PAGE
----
perrin at elem.com
Tue Sep 27 14:01:38 PDT 2005
On Tue, 2005-09-27 at 13:21 -0700, Cahill, Earl wrote:
> I think some of the concern comes from Cache being in the name of
> Cache::Memcache. I guess my question is, when can you trust Memcached?
> Like, can I trust the ttl? Is add really atomic? If I set x=y, do I
> get x=y back? If yes to those three things, then Memcached seems a good
> candidate for my project.
Well, the answer is "maybe." If you set x=y and then the server holding
x goes down, or runs out of space, you may not get y back.
My questions to determine suitability would be:
- If all the data I put in suddenly disappeared, would that be a
- If some of the data disappeared and I didn't know which data or even
that anything had happened, would that be a problem? (You could hack
the client lib to tell you when you lost a server, but I don't think
- If memcached ran out of free memory and silently dropped pieces of
data that I had given it, would that be a problem?
If the answer to any of these is yes, consider your alternatives. For a
true cache application, the answer to all of these should be no.
> I don't really want data to
> randomly change or disappear. But in my experience, it doesn't.
I hear you, but this is like saying "I've never had a hard drive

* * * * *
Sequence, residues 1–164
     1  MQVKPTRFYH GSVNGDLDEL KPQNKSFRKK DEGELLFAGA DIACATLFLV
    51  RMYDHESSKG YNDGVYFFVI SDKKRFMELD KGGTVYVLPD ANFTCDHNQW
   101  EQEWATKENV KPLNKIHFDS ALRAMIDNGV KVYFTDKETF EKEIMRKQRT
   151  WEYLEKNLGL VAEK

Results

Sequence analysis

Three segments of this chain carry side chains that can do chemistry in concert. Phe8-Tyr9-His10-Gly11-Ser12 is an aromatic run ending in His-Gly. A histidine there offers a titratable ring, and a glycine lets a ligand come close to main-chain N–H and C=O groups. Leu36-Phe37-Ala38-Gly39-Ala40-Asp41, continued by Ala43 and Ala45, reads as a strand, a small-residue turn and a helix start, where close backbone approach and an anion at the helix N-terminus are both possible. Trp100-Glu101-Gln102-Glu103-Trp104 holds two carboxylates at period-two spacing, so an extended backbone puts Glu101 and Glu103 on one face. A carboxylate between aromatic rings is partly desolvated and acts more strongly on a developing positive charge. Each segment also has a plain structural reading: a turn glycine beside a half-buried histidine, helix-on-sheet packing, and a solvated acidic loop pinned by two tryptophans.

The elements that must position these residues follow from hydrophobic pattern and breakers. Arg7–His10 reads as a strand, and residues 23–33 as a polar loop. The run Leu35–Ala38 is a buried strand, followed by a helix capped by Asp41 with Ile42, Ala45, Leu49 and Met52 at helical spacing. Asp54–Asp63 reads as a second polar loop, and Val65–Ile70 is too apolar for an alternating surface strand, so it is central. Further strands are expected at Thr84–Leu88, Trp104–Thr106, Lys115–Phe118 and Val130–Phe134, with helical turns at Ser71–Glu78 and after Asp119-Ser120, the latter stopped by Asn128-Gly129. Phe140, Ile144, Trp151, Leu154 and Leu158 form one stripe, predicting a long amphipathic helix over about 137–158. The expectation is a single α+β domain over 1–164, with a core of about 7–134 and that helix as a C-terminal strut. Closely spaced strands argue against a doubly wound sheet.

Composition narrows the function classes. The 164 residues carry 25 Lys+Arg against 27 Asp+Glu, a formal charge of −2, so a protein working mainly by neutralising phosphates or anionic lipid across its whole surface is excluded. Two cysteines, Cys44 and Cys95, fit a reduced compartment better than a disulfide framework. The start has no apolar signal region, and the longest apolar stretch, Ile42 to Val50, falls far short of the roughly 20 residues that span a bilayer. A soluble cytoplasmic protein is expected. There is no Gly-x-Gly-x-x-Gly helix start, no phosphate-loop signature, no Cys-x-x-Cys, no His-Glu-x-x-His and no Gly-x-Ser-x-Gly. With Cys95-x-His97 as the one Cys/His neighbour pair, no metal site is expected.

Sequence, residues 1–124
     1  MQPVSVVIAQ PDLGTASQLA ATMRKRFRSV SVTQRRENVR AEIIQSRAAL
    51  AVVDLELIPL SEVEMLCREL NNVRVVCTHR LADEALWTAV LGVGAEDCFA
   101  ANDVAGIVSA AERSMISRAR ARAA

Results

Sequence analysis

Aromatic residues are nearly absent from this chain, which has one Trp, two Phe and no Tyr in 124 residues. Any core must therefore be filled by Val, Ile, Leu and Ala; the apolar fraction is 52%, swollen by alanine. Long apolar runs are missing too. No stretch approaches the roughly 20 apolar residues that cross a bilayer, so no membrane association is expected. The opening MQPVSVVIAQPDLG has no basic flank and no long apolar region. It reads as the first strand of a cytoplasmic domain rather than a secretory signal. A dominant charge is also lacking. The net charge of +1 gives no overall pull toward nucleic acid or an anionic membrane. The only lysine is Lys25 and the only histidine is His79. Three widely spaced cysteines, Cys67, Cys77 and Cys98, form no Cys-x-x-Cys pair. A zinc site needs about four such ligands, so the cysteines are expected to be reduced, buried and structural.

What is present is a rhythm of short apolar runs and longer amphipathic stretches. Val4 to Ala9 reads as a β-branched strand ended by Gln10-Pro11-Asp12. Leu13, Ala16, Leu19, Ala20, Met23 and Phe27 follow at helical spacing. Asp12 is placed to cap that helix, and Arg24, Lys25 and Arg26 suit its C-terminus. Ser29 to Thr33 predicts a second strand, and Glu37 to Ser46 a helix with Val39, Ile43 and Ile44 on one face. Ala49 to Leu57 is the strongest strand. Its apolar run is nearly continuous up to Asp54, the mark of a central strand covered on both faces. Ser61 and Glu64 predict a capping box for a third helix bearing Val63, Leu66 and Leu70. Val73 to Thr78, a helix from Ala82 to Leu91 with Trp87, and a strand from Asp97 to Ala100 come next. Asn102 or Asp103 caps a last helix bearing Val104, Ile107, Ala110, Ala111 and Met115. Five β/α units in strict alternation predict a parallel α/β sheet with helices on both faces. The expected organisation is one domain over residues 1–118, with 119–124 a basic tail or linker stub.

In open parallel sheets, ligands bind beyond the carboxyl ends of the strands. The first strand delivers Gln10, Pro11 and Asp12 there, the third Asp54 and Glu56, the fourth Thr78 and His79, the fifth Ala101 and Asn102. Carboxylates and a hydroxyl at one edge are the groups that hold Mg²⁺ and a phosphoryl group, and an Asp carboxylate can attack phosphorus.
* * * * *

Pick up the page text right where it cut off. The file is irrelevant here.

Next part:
failure, so what do I need these backups for?" These losses WILL happen
if the server runs out of memory or the daemon stops running for any
reason (hardware glitch, bug in some C code, sysadmin mistake, etc.). I
think this could even happen if your network went out briefly and the
client couldn't reach the memcached server.
> Some concerns seem a touch FUD-ish.
You're free to do whatever you like with your own NFS server. You may
decide that the potential for data loss is no worse than you would have
with the alternatives anyway. What worries me is when people start
saying "Hey, I have this awesomely fast session storage system!" or
something similar, and don't mention the risks involved. I'm all for
letting people choose how much risk they can handle in a particular
application, but they should know what they're getting into.
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